BEIJING — China’s graft authorities on Dec 16 pledged to step up regular internal inspections on state-owned enterprises (SOEs).
Hao Mingjin, vice minister of supervision, told an online press conference, to expect more internal inspections at SOEs.
The press conference was streamed on the CPC Central Commission for Discipline Inspection’s (CCDI) website.
Since 2013, the Communist Party of China’s (CPC) central authorities have dispatched inspectors to ministries, provincial governments, SOEs and public institutions.
Six SOEs have so far undergone inspections and, in the latest round, another three — China State Shipbuilding Corporation, China Unicom and Sinopec — will come under scrutiny.
Serious corruption issues remain in SOEs, including abuse of power and bribery, Hao said.
Chief executives at state-owned enterprises have been identified as “high-risk” positions and, should it be proved they are embroiled in graft, it is highly likely their subordinates are also involved, creating a graft gang, he said.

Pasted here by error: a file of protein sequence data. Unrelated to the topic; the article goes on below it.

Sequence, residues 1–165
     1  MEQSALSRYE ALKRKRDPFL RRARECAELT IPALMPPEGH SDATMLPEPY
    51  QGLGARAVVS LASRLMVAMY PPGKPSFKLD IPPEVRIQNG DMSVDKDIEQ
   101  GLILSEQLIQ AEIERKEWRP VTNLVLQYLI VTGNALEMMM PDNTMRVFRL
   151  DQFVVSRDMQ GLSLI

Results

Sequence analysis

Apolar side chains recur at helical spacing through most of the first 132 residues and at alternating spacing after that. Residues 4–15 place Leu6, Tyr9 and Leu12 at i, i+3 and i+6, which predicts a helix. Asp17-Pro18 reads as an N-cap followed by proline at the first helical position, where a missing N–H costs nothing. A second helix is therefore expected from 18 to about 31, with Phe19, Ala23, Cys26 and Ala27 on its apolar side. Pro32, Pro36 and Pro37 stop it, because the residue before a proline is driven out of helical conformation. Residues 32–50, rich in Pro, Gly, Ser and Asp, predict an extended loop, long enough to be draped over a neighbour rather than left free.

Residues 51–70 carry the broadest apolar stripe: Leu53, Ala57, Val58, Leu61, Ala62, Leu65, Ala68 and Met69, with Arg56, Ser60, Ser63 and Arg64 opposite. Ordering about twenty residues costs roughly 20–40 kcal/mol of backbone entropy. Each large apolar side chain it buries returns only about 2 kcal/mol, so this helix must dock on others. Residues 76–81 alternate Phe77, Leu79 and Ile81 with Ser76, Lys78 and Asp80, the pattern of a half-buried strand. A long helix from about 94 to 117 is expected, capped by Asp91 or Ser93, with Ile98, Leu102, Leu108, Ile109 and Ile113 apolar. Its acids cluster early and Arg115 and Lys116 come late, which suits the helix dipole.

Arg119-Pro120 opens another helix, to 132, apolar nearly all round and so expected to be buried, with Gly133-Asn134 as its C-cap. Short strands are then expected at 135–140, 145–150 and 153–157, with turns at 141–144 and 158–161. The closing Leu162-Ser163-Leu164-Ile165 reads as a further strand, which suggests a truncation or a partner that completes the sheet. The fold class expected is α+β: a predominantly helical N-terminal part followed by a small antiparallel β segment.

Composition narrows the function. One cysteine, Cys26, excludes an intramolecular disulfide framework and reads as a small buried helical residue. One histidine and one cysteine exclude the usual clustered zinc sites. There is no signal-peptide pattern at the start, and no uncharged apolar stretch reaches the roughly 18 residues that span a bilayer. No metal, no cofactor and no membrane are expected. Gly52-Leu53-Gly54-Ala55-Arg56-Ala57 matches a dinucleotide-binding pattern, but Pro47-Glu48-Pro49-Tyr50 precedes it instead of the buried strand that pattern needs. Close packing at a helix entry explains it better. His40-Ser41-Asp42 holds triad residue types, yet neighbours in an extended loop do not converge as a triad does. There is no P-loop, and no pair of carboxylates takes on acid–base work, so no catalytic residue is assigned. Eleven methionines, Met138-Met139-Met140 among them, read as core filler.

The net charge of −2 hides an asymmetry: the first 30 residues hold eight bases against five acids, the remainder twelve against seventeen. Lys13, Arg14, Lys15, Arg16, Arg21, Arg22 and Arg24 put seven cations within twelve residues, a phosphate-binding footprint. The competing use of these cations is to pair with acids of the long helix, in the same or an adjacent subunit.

Many corrupt executives have abused their power to facilitate private companies run by their relatives and some of their illegal decisions have led to serious state losses.
Corruption has become much more subtle, with those involved using “legal covers” to hide any untoward activity, he said.
Hao attributed corruption to the loose management and discipline of Party organs in the SOEs these senior executives, who are mostly Party members, work for.
“An SOE executive should not consider the company his or her own business nor regard himself or herself a private business person,” he said.